WHEN Mick Mottram was just a tot he would stand with his nose to the glass of Division Street Fire Station peering in at the engines.
“My mum would have to drag me away every time we passed,” he says. “I was fascinated.”
It was a sign of things to come.
Because for the last half a century no-one, metaphorically speaking, has been able to drag Mick from the service
The 69-year-old will retire on Friday after this week racking up an incredible 50 years with South Yorkshire Fire and Rescue – including 32 as a front line firefighter. It makes him officially the brigade’s longest ever serving employee.
“It’s been my life,” says Mick who signed up at Division Street Station on June 18, 1962. “Being a firefighter was all I ever wanted to do.”
And it’s certainly left him with some tales – of bravery, of heroism and of a Nether Green woman who didn’t know her loft was on fire until Mick and his crew turned up at her door.
“She’d called to say she was worried because her inside chimney wall was glowing red,” he recalls. “As soon as we turned into her street we knew why – because her attic was on fire. She was sat in her living room completely unaware.”
There’s been serious moments too, of course.
Mick – who was based at Division Street, Mansfield Road, Wellington Street and Lowedges stations during his operational years – says he has no idea how many fires he’s fought. But there are some that certainly stand out.
“One of the most satisfying was at the Hyde Park flats in the early eighties,” says the father-of-two and grandfather-of-five of Gosforth Crescent, Dronfield. “It was a big flat fire and there was a six month old baby inside.
“Two colleagues went in and I went up a ladder. They passed the child through the window. It’s jobs like that which make all the risks and dangers worthwhile.”
There was also the new year’s eve a bloke decided to throw himself in the River Don after his girlfriend finished him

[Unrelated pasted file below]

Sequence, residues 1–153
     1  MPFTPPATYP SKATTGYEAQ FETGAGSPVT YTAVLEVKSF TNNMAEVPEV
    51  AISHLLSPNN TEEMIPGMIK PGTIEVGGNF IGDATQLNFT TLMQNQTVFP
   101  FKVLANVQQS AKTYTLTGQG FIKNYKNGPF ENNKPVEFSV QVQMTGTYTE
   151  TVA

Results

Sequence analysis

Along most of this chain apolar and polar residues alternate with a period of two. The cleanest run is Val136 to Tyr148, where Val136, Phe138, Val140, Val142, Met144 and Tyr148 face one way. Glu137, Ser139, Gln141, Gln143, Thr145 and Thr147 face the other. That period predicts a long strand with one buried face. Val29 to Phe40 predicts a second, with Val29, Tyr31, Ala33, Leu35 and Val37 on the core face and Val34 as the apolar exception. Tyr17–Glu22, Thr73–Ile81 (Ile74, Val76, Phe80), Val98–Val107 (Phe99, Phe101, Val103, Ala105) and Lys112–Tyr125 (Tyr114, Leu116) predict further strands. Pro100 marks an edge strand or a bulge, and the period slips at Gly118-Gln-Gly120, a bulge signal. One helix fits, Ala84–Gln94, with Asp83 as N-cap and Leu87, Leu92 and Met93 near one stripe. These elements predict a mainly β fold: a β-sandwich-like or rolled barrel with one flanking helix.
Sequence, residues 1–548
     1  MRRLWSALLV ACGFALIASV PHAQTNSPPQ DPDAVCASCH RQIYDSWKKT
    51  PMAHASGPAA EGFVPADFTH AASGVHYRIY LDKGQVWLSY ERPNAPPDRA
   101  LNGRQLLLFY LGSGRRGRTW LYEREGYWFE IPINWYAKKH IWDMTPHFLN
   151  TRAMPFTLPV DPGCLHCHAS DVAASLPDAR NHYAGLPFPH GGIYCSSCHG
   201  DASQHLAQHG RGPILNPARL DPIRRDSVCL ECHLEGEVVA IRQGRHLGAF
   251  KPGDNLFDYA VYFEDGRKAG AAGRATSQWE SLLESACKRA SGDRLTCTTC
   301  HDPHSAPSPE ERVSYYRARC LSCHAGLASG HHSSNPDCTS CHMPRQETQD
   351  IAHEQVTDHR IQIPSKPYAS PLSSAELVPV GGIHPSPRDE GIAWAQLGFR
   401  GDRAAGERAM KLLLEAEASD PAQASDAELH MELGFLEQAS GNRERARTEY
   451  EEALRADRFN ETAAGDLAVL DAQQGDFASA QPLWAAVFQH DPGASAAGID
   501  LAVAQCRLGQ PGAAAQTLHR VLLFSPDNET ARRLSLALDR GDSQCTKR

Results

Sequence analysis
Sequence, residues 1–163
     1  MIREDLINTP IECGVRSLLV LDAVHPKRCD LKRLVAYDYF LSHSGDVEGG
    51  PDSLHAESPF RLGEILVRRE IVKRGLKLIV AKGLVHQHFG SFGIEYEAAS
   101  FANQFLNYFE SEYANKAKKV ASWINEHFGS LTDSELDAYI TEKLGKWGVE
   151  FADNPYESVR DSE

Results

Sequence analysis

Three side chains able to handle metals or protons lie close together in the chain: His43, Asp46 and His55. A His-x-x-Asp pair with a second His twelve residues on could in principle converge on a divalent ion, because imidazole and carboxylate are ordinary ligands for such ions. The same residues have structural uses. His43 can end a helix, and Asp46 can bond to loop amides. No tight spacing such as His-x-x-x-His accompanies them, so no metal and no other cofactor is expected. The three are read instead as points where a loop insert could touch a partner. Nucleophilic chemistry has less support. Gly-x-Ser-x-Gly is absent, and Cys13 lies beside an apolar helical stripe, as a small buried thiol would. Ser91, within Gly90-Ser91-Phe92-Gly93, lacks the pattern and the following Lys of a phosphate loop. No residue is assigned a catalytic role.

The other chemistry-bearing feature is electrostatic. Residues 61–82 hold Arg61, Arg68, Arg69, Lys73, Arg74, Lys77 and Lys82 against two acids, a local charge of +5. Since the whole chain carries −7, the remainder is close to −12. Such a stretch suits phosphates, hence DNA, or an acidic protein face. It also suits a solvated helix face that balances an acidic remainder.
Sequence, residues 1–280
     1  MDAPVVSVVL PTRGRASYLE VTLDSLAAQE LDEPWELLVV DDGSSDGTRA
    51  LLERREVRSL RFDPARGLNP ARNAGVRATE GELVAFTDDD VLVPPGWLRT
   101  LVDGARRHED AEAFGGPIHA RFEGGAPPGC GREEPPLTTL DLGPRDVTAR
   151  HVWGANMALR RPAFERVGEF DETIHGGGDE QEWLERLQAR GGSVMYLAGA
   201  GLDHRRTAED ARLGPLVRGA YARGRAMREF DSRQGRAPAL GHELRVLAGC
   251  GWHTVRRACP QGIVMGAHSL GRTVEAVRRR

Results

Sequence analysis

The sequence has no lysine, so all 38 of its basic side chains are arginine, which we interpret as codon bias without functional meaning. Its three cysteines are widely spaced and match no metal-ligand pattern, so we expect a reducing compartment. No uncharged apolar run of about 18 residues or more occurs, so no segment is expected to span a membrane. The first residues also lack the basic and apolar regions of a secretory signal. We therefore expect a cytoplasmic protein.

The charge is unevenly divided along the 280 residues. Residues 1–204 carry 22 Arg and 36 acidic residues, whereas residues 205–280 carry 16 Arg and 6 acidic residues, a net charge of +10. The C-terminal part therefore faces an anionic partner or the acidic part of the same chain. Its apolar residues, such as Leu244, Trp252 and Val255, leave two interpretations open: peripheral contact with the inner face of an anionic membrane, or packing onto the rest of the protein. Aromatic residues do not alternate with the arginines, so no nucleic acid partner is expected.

“We didn’t have specialist water equipment in those days,” says Mick. “So we just jumped in. It was freezing but we saved him. I think he was he grateful.”
And it’s not always just humans in need of aid.
Mick has helped all creatures great and small from cats stuck up trees to dogs down holes, from cows in rivers to horses...well, horses in all kinds of predicaments.
“One thing I have learnt is a horse can get itself into trouble in an empty field,” laughs Mick. “They’re inquisitive animals so they’ll put their head anywhere – like through barbed wire – then not be able to get it back.”
The job was no less eventful either after he stepped down from operational duties to become head equipment officer.
In that role – based at the brigade’s Training and Development Centre in Handsworth – Mick has been at the forefront of modernisation, including overseeing the introduction of gas-tight chemical protection suits and mask radio communications.
“It’s very rewarding,” he says. “What we’re doing is trying to improve kit which helps the guys making the rescues.”
And one of the guys is none other than son Jonathan. He’s followed in his dad’s footsteps and became a firefighter.
“He’s with Mansfield Road blue watch, which is one of my old shifts,” notes Mick.
Now, he’ll miss it of course.
But, after celebrating those 50 years, he says the time was right to finally drag himself away.
“I’ve loved every minute of it,” he says. “I still remember my first day arriving at Division Street and how excited I was but I have a wife, Wendy, grandchildren and a Harley-Davidson and it’s time to enjoy those things.”
IN the month Mick Mottram became a Sheffield Fire Brigade firefighter...
Brazil beat Czechoslovakia 3–1 in Chile to win the seventh World Cup.
New American president John F. Kennedy gave his commencement address at Yale University.
The second phase of building the Berlin Wall commenced.
A 21-year-old golfer called Jack Nicklaus won the US Open.